Can the human body handle a trip to Mars? 4 things to know from 2 Chicago pathologists

After President Barack Obama, Tesla founder Elon Musk and Boeing CEO Dennis Muilenburg all revealed various endeavors to help humans reach Mars, it is clear there is no shortage of interest in the journey. But is the human body physically capable of handling such a trip?

In an article for the Chicago Tribune, Dariusz Borys, MD, a bone pathologist at Maywood, Ill.-based LoyolaUniversityMedicalCenter, and John Biemer, MD, a pathology resident at LUMC, said there is significant evidence that the human physiology is "dramatically affected when there is little or no gravity."

Here are four things to know about how the human body would fair on trip to Mars, Dr. Borys and Dr. Biemer told Chicago Tribune.

1. After an extended period of time in space, human bones undergo a process similar to osteoporosis, losing about 1 percent of their mass every month without gravity.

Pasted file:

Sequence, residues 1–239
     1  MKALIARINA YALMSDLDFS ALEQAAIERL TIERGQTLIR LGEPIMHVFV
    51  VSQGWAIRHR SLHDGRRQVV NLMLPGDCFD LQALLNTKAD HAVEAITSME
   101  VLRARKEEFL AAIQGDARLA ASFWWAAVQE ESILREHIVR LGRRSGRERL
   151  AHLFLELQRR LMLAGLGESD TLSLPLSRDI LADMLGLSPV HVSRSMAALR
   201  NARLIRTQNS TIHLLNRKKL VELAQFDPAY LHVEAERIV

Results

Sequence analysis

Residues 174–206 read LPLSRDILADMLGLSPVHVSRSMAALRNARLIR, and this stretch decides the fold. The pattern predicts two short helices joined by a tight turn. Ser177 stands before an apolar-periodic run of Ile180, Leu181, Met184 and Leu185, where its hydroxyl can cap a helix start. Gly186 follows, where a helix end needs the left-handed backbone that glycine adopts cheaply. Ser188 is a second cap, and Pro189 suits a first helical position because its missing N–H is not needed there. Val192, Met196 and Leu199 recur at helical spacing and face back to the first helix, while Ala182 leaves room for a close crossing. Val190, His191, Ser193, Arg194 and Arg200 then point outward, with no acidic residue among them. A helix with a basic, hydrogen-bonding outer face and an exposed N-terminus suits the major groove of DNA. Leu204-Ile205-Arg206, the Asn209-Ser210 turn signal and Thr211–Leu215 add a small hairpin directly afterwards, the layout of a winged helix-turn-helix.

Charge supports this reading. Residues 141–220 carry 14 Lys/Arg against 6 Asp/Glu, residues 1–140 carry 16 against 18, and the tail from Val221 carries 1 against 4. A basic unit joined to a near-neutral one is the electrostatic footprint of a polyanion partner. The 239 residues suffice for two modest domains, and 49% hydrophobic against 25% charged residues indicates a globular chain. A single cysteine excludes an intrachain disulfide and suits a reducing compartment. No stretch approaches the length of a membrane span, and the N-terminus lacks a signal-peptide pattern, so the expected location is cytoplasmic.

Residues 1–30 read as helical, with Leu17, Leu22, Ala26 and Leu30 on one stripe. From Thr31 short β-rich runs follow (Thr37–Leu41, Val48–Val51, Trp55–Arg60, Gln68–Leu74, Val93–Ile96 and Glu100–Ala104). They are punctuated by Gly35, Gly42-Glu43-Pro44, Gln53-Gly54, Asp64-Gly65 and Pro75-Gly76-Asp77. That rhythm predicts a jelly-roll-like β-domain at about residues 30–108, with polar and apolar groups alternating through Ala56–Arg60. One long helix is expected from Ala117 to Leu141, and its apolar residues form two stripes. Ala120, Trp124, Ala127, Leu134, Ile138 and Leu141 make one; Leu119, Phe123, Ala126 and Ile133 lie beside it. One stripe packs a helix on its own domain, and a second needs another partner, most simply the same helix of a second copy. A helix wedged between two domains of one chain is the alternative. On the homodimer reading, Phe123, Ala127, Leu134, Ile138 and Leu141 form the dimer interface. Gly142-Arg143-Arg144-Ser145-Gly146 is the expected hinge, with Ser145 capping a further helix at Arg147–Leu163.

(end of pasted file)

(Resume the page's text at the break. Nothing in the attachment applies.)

2. If crew members land on Mars after months of living without gravity, their bones may not be able to support their own body weight, causing their vertebrae, hip bones and wrists to fracture and disc herniations that may lead to back pain and hinder astronauts' ability to explore the planet.

3. While astronauts may engage in strenuous exercise regimens to curb the effects of osteoporosis-like symptoms, they may still experience significant decreases in muscle strength and bone density following flights averaging 180 days long, according to the article.

4. Extended periods in zero gravity atmospheres may also cause other complications as well, including alterations to the circulatory and immune systems, as well as radiation levels that may cause cancer.

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